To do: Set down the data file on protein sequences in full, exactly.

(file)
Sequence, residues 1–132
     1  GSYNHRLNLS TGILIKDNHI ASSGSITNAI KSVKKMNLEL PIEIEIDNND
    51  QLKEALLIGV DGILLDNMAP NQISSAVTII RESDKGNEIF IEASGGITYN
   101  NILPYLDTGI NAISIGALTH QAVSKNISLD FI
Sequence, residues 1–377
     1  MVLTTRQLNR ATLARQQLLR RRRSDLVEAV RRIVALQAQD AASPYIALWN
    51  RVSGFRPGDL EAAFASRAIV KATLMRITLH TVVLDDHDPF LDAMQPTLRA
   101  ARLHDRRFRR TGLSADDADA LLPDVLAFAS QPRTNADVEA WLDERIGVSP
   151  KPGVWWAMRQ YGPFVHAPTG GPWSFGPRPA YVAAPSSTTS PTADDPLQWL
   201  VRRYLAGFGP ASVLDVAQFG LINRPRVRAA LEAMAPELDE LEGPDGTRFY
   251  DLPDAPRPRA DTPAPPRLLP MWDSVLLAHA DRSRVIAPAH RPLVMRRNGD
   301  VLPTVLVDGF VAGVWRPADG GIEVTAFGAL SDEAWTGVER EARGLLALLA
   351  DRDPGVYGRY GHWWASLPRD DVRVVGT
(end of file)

Sequence, residues 1–132
     1  GSYNHRLNLS TGILIKDNHI ASSGSITNAI KSVKKMNLEL PIEIEIDNND
    51  QLKEALLIGV DGILLDNMAP NQISSAVTII RESDKGNEIF IEASGGITYN
   101  NILPYLDTGI NAISIGALTH QAVSKNISLD FI
Sequence, residues 1–377
     1  MVLTTRQLNR ATLARQQLLR RRRSDLVEAV RRIVALQAQD AASPYIALWN
    51  RVSGFRPGDL EAAFASRAIV KATLMRITLH TVVLDDHDPF LDAMQPTLRA
   101  ARLHDRRFRR TGLSADDADA LLPDVLAFAS QPRTNADVEA WLDERIGVSP
   151  KPGVWWAMRQ YGPFVHAPTG GPWSFGPRPA YVAAPSSTTS PTADDPLQWL
   201  VRRYLAGFGP ASVLDVAQFG LINRPRVRAA LEAMAPELDE LEGPDGTRFY
   251  DLPDAPRPRA DTPAPPRLLP MWDSVLLAHA DRSRVIAPAH RPLVMRRNGD
   301  VLPTVLVDGF VAGVWRPADG GIEVTAFGAL SDEAWTGVER EARGLLALLA
   351  DRDPGVYGRY GHWWASLPRD DVRVVGT